them to Possagno, his famous brother's native village, 
where a magnificent church, for the erection of which the 
sculptor had bequeathed the greater part of his fortune, 
was being built. This church had been intended by 
Canova for the reception of a colossal statue of Religion, 
on which he was working at the time of his death, and he 
had expressed a wish to be buried there The sculptor 
had been passionately attached to his native village. Every 
autumn it had been his custom to spend some time there, 
and give a sumptuous feast to the workmen engaged upon 
the building of the church. On one of these occasions, it 
is said, he caused all the peasant girls of the neighoouring 
hamlets to pass in review before him, and to each he made 
a present, expending in this way over ten thousand lira. 

The abbe took Madame Recamier to see the little 
church, where his brother's remains lay pending the com- 
pletion of the new building. It was a bare littJe place, the 



only ornament being a magnificent whole-length portrait 
of the deceased sculptor above the high altar. After the 
new church was finished the Abbe Canova was created 
Bishop of Myndus by Pope Gregory XVI. 

From Bassano, Madame R6camier journeyed to Trieste 
to visit her old friend Caroline Murat, ex-Queen of 
Naples, who was living there under the title of Comtesse 
de Lipona, an anagram on the name of the beautiful city 
where she had once reigned. After the judicial murder 
of her husband in 1815, the ex-queen had retired to a 
country house in the neighbourhood of Vienna, where for 
some years she devoted herself to the education of her 
children. She had wished to join her mother and brothers 
at Rome, but permission to do so had been refused by the 
Powers, who considered that it was too near Naples, 
where the perjured tyrant Ferdinand was only able to 
keep his throne through the help of Austrian bayonets. 
They had lately, however, consented to her going as near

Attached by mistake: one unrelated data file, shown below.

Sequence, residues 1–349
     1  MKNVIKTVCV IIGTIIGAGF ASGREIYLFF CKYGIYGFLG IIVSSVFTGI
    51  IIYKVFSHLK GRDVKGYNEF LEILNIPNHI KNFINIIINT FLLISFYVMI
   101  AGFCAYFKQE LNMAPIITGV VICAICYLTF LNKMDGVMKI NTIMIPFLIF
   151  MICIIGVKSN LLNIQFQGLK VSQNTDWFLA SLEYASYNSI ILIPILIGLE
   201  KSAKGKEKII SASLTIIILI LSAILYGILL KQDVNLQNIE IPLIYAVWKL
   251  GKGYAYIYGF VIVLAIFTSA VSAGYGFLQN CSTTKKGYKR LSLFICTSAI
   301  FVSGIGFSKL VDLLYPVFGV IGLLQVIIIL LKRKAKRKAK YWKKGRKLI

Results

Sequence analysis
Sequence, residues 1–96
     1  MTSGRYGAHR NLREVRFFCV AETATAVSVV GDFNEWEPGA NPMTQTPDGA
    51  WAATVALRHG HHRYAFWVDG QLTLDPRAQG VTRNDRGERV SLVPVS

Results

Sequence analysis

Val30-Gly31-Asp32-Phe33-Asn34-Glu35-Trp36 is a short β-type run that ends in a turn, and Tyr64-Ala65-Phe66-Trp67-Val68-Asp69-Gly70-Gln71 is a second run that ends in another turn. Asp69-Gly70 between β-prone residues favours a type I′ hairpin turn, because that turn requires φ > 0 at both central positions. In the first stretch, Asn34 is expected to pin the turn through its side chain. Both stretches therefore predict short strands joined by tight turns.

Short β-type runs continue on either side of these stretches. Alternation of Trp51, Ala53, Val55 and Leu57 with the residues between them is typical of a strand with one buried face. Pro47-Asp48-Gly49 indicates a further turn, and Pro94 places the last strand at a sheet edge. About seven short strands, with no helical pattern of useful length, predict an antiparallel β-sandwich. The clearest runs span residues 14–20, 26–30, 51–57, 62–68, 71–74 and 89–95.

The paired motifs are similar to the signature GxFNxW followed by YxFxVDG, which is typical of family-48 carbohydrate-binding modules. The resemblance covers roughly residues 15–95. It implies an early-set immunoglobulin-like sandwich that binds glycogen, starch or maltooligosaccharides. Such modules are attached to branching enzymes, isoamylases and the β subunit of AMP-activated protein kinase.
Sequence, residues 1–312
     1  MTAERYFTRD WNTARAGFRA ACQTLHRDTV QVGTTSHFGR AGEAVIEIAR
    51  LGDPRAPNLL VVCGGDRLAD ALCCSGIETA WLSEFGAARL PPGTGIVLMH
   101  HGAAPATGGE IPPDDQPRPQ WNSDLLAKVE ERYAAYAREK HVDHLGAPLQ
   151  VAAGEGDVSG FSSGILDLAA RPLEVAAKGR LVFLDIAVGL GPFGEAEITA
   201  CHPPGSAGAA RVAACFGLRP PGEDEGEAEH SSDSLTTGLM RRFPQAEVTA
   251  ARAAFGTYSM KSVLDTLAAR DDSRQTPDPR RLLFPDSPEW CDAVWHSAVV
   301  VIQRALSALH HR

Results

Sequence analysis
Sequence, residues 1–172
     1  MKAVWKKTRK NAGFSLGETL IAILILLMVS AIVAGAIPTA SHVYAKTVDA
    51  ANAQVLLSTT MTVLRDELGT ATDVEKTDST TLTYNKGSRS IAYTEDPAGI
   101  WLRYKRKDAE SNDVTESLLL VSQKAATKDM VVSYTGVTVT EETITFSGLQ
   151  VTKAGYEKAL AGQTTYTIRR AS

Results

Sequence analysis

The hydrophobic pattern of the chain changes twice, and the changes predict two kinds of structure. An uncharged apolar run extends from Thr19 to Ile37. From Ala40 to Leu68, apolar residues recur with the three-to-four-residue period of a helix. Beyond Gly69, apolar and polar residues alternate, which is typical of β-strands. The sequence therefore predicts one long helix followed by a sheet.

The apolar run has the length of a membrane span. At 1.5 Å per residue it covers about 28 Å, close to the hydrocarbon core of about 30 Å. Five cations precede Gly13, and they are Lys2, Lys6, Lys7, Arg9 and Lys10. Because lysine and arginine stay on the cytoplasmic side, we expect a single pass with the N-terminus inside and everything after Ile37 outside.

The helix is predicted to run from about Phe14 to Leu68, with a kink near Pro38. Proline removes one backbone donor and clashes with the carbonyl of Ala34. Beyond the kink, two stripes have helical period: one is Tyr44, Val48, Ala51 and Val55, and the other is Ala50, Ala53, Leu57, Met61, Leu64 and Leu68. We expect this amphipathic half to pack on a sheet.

Italy as Trieste. 

Madame Recamier received a very warm welcome from 
Madame Murat, whom she had not seen for eleven years. 
The ex-queen was still very handsome, though she had 
grown somewhat stout, while her manners were as charming 
as ever. She complained bitterly of the irritating restric- 
tions imposed upon her by the Powers, who seemed to 
have shared the high opinion of her statecraft which 
Talleyrand had once expressed, and to have regarded her 
as the most dangerous of all the exiled family. She was 
not allowed to live in Italy, the Low Countries, or 
Switzerland, while France was of course closed to her ; 
nor was she permitted to remain in one place for more 
than a certain length of time. To add to her troubles, 
King Ferdinand had on landing seized all her private 



property at Naples, while the Bourbons had sequestrated 
that in France, including the estate at Neuilly which 
Napoleon had given her. In consequence she was now in 
somewhat straitened circumstances, and her two sons had 
been forced to seek their fortunes in America. The elder 
of these, Louis, who settled in Florida, married a grand- 
niece of Washington, and wrote several commendable 
books about America and her institutions. He died in 
1847. The younger, Lucien, returned to France the year 
after his brother's death, was elected to the Chamber of 
Deputies, and supported the policy of his cousin Louis 
Napoleon. When King Bomba was driven out of Naples 
by his enraged subjects, Lucien Murat issued a manifesto ; 
but the time had not yet come for delivering Italy from 
the Bourbon and Austrian yoke, and the French Govern-